Issue #40 // October 15, 2021

This week we take a look at management of distributed systems. Digital Ocean shares how scale eventually led them to rearchitect around microservices and queues instead of a centralized database. We also take a look serverless and how we can optimize performance.

Don't forget the lessons that come with 20 years of experience. Software is about a lot more than building the most scalable system.

20 Things I’ve Learned in my 20 Years as a Software Engineer
A feel good list of 20 axioms from Justin Etheredge about the vocation that is software engineering.
From 15,000 Database Connections to Under 100
[Video] In 2012, Digital Ocean created less than 100 droplets per day. By 2017 they created over 140K per day. This is a walk through of how they started with a simple architecture until it no longer worked and then rearchitected for scale.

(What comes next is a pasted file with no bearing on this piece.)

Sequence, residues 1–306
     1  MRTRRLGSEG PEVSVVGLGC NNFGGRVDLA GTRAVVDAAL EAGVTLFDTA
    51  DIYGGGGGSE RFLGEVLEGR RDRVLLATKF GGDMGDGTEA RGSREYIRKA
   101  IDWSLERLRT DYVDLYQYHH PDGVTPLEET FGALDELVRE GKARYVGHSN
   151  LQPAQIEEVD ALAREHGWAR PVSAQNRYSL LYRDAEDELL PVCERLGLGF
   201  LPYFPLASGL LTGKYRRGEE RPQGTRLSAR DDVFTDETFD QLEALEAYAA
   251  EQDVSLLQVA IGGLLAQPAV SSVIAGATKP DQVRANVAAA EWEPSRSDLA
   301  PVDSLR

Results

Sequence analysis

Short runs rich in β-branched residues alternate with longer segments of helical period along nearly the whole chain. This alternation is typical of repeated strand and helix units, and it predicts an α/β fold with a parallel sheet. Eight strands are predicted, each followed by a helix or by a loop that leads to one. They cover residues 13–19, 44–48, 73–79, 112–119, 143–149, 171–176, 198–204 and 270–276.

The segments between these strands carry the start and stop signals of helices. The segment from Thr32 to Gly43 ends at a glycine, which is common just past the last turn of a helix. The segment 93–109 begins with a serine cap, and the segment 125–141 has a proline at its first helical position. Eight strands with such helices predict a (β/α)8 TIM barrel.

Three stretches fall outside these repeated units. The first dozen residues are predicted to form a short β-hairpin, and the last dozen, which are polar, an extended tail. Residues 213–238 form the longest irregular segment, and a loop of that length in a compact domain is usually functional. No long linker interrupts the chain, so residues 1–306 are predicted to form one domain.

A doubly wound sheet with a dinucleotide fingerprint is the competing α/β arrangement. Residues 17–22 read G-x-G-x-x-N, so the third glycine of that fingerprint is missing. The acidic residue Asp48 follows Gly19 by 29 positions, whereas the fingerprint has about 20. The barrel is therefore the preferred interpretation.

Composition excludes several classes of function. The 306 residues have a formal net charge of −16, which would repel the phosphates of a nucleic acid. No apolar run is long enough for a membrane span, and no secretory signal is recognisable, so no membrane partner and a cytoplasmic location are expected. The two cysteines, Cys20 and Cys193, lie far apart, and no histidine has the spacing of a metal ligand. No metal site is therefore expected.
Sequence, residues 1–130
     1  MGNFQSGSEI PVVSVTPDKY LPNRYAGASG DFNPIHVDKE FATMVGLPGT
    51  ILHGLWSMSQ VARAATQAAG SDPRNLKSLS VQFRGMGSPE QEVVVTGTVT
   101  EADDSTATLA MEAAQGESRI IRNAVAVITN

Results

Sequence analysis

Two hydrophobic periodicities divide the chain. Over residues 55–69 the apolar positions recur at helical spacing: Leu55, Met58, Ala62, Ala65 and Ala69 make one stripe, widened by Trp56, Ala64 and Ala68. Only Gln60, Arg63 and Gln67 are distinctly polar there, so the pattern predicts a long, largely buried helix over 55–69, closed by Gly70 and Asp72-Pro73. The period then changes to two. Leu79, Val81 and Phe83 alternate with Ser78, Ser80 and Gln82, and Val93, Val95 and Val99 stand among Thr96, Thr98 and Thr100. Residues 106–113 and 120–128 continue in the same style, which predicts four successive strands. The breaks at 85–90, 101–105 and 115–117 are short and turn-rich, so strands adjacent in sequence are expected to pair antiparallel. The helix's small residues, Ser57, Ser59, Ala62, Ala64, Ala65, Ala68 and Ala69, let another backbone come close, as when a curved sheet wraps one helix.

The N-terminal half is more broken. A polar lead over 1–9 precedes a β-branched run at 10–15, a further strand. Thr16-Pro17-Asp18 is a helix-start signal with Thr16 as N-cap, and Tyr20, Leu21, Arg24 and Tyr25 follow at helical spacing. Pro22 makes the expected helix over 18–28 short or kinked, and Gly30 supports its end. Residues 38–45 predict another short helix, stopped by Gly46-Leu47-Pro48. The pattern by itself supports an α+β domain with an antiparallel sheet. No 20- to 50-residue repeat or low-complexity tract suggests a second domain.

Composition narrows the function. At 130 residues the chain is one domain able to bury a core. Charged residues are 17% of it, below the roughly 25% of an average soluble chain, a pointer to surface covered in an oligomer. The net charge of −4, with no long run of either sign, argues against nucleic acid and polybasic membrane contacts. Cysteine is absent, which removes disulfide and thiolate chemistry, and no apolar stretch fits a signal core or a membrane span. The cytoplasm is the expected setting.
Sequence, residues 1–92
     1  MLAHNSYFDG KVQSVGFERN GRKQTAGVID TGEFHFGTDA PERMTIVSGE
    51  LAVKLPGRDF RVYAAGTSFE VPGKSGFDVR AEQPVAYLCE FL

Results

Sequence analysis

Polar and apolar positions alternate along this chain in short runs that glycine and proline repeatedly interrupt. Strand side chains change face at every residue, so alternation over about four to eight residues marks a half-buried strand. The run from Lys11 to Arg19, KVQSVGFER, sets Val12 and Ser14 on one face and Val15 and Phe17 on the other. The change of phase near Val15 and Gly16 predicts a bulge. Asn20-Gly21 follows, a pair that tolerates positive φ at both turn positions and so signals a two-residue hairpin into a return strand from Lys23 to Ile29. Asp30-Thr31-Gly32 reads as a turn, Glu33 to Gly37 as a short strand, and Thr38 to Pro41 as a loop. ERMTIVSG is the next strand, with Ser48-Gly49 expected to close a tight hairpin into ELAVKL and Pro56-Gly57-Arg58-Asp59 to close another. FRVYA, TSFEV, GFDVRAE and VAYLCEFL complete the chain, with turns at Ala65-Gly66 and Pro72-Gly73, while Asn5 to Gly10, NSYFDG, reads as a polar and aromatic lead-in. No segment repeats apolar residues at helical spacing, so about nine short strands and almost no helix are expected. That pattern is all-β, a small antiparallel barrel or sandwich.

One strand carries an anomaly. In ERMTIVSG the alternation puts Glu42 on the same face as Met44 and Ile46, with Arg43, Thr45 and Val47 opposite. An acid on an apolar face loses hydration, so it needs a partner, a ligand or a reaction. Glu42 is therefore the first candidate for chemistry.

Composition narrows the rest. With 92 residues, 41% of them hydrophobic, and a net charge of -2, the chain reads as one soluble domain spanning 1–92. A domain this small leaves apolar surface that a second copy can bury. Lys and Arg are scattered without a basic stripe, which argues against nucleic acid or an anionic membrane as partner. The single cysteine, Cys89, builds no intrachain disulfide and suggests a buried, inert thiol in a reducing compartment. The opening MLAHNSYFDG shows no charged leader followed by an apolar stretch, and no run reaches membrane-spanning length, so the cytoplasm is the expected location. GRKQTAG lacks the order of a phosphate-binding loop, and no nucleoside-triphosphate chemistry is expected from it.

AWS Lambda Battle 2021
Aleksandr Filichkin compares the performances of different programming languages running on AWS Lambda (NodeJs, Python, Go, Ruby, .NET Core, Java, Rust, and GraalVM). Java and .NET Core have slow cold start times. NodeJS, Ruby, Python, and Java have slow overall performance. Go and Rust are the clear winners.
.NET ReadyToRun Compilation
Piggie backing on the AWS Lambda battle, last month Microsoft announced ahead-of-time compilation. I'm really curious how this affects cold start times on serverless compute. This does require compiling for a specific architecture and leads to much larger binaries.
Trigger a Kubernetes HPA with Prometheus Metrics
This post walks you through using Keda, an open source project that uses Prometheus queries to scale Kubernetes pods.
OpenTelemetry Support in the Azure SDK for .NET
Microsoft announced experiemental support for OpenTelemetry in the Azure SDK for .NET. OpenTelemetry unifies instrumentation, collection, and export of distributed tracing data across languages, clouds, and libraries.
SRE Doesn't Scale
I didn't particularly like this article, but it gained a lot of traction this week so it's worth sharing. The group at Real Kinetic somehow thought SRE always means microservices which always means developers can choose any language, tools, platform they want. Then they say that SRE doesn't scale because you'd have to hire an army to support this type of entropy. At the end of the article they admit that Google has standards and best practices negating their arguement.